By playing large rather than gigantic venues, Simple Minds have not only ensured a completely sold-out UK tour, but also kept a certain cachet of credibility. The atmosphere is far greater in packed concert halls than half-empty arenas.

As they motored through second encore, it looked as if Stranger from last autumn's Black and White 050505 album would finish things, an acceptable but hardly euphoric conclusion. Instead, the final epic Alive and Kicking was another festival of audience "la-la-laaah"-ing. Tightly rehearsed and solid, rather than flying on wings of inspiration, Simple Minds were in sturdy shape.

Thomas H Green


 

'Did You Forget About Them?', Manchester Metro 9th February 2006

 

Jim Kerr recently stated that Manchester was home to the worst hotel he'd ever stayed in.

Although he was not naming and shaming the hostelry - mainly because it was so long ago he couldn't remember the name - he recalls being greeted by a hardened sock at the end of the bed.

As a man who claims to have been on tour almost constantly since the late 70s, he is someone who knows a thing or two about hotels, but his days of slumming it are behind him.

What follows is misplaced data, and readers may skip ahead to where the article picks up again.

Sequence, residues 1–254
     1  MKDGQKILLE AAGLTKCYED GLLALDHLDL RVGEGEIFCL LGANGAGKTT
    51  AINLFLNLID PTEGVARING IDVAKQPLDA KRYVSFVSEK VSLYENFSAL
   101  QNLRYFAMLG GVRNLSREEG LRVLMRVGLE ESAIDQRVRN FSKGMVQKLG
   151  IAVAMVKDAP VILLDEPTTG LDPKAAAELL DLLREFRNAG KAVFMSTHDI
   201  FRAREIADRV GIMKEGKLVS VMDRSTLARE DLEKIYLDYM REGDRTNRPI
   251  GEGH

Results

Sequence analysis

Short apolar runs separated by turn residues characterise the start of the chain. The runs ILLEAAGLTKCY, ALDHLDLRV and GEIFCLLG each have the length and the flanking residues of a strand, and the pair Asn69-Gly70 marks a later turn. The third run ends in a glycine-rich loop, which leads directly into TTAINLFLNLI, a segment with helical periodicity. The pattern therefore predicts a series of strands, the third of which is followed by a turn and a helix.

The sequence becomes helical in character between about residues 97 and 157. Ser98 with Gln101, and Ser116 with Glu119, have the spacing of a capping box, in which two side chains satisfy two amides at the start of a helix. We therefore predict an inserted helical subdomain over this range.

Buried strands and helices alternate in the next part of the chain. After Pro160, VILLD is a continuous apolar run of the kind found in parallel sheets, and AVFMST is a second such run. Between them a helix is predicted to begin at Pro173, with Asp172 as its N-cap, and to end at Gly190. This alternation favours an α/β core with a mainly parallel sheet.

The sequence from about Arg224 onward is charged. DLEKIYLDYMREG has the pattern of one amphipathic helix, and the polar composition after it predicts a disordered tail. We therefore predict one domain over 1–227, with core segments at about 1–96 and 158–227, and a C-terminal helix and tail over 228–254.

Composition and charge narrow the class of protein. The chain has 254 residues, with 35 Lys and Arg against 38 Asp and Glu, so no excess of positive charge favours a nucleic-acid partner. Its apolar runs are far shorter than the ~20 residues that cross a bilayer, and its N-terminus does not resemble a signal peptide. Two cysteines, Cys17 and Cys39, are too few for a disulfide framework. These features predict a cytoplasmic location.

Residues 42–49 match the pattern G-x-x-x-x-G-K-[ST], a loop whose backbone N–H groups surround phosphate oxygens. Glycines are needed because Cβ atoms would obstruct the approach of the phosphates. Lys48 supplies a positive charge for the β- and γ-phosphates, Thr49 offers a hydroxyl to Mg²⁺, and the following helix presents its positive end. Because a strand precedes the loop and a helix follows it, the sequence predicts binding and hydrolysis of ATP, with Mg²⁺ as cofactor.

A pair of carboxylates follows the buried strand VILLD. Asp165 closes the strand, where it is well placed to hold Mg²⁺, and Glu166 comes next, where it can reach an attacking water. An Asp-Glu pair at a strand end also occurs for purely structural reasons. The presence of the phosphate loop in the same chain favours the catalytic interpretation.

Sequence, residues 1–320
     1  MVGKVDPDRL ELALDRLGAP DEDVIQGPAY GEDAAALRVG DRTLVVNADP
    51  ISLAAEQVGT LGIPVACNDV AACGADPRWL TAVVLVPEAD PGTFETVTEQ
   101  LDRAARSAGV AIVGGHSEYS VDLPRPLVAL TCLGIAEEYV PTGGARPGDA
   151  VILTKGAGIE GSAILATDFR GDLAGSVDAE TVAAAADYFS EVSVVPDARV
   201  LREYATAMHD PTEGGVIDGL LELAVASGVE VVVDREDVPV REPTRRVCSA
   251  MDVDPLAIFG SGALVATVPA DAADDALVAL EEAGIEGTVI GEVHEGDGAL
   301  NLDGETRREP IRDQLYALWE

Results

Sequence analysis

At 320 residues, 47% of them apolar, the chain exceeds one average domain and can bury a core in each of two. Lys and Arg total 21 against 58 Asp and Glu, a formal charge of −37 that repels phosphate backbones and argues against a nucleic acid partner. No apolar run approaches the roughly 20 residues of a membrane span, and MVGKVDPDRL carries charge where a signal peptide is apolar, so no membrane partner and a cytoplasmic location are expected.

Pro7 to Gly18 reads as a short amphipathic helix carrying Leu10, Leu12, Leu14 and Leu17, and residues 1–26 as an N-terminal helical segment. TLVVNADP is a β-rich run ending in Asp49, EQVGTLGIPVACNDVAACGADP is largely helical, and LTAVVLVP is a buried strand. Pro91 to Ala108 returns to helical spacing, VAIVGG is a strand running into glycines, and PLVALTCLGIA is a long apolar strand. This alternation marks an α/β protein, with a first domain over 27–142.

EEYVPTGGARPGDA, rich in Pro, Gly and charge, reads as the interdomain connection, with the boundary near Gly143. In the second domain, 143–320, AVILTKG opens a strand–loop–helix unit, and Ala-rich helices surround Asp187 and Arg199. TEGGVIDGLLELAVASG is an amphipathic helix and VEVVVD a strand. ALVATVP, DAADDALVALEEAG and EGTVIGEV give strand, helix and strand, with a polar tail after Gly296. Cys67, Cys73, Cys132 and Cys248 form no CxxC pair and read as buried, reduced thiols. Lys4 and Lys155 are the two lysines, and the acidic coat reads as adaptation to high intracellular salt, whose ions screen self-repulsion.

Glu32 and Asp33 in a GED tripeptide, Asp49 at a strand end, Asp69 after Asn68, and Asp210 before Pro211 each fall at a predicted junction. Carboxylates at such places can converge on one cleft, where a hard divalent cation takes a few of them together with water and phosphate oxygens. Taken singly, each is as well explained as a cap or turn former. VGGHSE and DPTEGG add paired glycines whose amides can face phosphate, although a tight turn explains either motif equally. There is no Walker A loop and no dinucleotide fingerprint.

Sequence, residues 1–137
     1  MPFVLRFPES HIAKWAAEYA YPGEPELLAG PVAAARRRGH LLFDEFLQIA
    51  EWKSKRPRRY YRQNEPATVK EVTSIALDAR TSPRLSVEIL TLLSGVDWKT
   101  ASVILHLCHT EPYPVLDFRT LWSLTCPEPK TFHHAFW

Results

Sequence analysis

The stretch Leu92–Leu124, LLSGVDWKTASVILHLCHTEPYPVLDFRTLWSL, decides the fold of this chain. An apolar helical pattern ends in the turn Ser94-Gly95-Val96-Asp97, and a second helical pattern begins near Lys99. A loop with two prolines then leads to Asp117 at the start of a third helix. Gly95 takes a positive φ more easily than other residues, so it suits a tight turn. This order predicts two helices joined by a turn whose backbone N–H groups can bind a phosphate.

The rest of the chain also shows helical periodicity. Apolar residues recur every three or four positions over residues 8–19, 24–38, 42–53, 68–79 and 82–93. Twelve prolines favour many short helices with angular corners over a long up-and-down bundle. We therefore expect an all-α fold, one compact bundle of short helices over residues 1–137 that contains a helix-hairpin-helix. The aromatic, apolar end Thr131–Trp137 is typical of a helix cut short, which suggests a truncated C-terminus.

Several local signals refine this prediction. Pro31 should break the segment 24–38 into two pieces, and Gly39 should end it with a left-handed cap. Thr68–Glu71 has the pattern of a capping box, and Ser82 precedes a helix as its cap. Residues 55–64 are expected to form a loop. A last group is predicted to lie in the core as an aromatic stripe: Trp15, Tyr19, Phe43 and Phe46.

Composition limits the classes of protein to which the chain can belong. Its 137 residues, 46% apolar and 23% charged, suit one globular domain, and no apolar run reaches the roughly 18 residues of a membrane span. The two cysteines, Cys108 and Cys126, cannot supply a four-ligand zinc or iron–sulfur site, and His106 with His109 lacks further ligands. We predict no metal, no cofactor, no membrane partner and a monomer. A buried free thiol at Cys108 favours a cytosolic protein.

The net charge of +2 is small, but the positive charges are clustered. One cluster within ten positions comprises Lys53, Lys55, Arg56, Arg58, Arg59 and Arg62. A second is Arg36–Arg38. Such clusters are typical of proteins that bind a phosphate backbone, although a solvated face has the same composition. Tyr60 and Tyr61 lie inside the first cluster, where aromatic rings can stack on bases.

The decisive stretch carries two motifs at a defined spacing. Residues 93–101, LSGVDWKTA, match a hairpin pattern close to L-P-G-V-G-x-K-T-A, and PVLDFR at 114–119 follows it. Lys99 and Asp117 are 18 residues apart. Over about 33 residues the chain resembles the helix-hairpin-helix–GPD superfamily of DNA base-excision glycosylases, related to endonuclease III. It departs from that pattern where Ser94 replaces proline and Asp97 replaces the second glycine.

He has now left his home town of Glasgow to live in Sicily - a place he first fell in love with on a European tour two decades ago - and even owns a hotel there.

But as Simple Minds hit the road again, he doesn't see any contradiction between being in a band which will forever be associated with Scotland, and living on an Italian island.

"I don't miss Glasgow in the sense that I don't really remember leaving," he said. "I went on tour when I was 18 and I'm still very much on tour, but the umbilical chord is still attached. "I may be generalising greatly, but to me there's two kinds of Scotsmen. There's the kind of Scotsman who's very patriotic, whereas we were always the other kind - we wanted to get out and see the world, but we didn't feel we had to stop being Scottish.

"I'm still listening to Celtic matches on the radio but I'm fluent in Italian and I can discuss Sicilian politics."

The band are playing Manchester tonight (Friday) as part of their biggest tour in years, following the success of last year's Black And White.

The phrase "return to form" was used frequently by reviewers, who said it harked back to the days when they played to packed-out stadiums during the 80s.

"It's nice to have people say that - I presume they mean it's a return to good form," Jim said. "But I can understand it, because the album does achieve quite a tricky think in harking back to a classic Simple Minds sound, without just being some retro thing.